The beauty of light and serendipity on a cold winter day

By Steve Cichon
steve@buffalostories.com
@stevebuffalo

If there’s anything I love about this time of year, it’s the days when I happen I to walk down the stairs and look out the window just as the sun starts to disappear towards the other side of the park.

view out of the window on the landing. Steve Cichon photo

And on the days when the air is crisp and the clouds are high, the last gasp of sun splashes honey and orange hued final breaths of light against the houses just outside that window.

My soul is warmed in a way that the sun can’t just by itself on a brutish frigid day– the way nature projects light and life on this pedestrian everyday scene literally just out my window.

I’m moved to wonder, if these were some of the observations that moved a favorite artist to create a favorite painting.

Even before I knew who Charles Burchfield was and that this painting is a composite of a couple of different places around Buffalo, I’ve always loved “Six O’Clock,” and something about it speaks to me– the same something I hear calling from outside my stairway window on late winter afternoons.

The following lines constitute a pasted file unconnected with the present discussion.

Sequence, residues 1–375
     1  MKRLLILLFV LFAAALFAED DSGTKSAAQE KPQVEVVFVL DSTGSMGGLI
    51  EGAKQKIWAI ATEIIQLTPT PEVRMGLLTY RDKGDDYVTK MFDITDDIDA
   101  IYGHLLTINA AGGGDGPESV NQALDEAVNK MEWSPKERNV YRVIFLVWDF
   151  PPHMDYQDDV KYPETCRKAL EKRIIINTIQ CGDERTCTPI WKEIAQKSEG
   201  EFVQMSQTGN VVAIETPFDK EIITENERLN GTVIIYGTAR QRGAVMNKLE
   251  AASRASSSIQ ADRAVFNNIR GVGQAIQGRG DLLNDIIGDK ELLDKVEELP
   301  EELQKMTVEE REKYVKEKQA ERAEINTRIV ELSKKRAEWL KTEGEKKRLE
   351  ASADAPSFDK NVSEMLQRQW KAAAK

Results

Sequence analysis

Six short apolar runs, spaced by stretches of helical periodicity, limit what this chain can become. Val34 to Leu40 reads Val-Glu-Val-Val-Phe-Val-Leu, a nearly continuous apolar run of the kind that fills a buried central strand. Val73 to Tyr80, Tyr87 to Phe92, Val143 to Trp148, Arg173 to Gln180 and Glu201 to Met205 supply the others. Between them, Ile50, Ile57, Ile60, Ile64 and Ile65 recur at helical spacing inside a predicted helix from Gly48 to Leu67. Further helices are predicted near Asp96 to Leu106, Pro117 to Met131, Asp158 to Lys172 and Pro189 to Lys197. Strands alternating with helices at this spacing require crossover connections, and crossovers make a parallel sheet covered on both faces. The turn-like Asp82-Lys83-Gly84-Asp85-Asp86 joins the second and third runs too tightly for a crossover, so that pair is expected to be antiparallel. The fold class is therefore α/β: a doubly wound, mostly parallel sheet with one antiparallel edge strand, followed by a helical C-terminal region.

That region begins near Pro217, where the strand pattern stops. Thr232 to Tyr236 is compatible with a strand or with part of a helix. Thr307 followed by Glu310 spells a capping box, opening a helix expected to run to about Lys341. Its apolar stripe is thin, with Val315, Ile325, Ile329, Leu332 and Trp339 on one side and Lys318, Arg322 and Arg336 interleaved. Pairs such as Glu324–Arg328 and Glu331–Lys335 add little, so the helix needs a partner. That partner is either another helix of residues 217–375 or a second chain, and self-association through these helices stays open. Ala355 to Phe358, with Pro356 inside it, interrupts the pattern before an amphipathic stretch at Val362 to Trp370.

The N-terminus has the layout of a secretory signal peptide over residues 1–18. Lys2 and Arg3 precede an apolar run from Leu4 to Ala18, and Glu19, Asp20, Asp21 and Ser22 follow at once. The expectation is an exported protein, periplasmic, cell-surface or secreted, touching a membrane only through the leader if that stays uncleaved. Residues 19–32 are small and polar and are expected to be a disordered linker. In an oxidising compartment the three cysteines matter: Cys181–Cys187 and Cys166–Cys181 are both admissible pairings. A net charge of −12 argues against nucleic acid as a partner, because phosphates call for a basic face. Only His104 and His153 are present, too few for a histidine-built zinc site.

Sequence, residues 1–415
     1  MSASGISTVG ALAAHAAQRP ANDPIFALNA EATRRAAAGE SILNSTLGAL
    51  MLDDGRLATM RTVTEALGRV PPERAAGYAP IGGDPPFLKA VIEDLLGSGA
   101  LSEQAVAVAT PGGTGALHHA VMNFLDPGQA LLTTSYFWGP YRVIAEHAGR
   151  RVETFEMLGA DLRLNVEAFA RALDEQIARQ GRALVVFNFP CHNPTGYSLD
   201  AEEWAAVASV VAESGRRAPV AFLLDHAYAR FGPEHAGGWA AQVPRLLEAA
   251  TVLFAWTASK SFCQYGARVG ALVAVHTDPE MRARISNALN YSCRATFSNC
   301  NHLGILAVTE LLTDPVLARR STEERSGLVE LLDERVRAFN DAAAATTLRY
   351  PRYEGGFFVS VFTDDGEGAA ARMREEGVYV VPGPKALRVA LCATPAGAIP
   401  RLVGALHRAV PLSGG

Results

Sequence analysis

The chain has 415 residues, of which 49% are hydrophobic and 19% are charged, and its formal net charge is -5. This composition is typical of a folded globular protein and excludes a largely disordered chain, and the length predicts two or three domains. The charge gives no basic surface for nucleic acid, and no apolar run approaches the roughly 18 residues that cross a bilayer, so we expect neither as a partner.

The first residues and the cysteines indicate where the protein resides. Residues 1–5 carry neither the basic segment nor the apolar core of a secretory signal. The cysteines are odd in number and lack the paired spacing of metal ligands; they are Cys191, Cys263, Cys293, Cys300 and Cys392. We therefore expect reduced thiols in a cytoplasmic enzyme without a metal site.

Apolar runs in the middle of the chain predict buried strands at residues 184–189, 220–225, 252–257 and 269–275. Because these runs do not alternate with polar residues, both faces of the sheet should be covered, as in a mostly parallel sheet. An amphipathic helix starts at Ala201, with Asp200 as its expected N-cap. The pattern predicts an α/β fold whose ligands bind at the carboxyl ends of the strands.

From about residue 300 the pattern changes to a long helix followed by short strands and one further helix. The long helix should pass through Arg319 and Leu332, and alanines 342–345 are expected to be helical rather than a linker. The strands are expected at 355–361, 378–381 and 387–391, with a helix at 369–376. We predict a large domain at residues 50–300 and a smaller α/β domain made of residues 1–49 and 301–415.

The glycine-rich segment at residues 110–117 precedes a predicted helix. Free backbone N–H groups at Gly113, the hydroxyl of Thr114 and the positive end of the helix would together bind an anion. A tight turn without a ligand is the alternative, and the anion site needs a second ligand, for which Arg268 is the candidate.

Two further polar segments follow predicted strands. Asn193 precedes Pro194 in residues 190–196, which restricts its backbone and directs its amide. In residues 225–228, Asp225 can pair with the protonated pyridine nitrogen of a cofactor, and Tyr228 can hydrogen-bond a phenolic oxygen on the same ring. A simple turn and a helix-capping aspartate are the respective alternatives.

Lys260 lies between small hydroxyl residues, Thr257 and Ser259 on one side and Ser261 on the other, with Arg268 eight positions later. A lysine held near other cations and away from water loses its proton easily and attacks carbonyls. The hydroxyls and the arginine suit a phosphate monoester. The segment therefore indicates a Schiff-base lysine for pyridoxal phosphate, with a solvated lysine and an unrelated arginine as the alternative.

I usually resist the urge to take a photo of my special scene. Creating a digital image with the same swipe and click I make dozens of times a day can’t possibly capture the serendipity of it. Taking the photo even actually defeats the fleeting nature of the glowing lights bringing at least visual warmth to the cold.

But today seemed like the right day.

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Steve Cichon

Steve Cichon is a proud Buffalonian helping the world experience the city he loves. writing about the people, places, and ideas that make Buffalo unique and special. The storyteller and historian has written six books, worn bow ties since the 80s, and is the News Director at WECK Radio. A 25 year Buffalo media veteran, Steve's contributed more than 1400 Buffalo History stories to The Buffalo News, worked at WIVB-TV, Empire Sports Network, and spent ten years as a newsman and News Director at WBEN Radio. He's also put his communication skills to work as an adjunct professor, a producer of PBS documentaries, and even run for Erie County Clerk. Steve's Buffalo roots run deep: all eight of his great-grandparents called Buffalo home, with his first ancestors arriving here in 1827.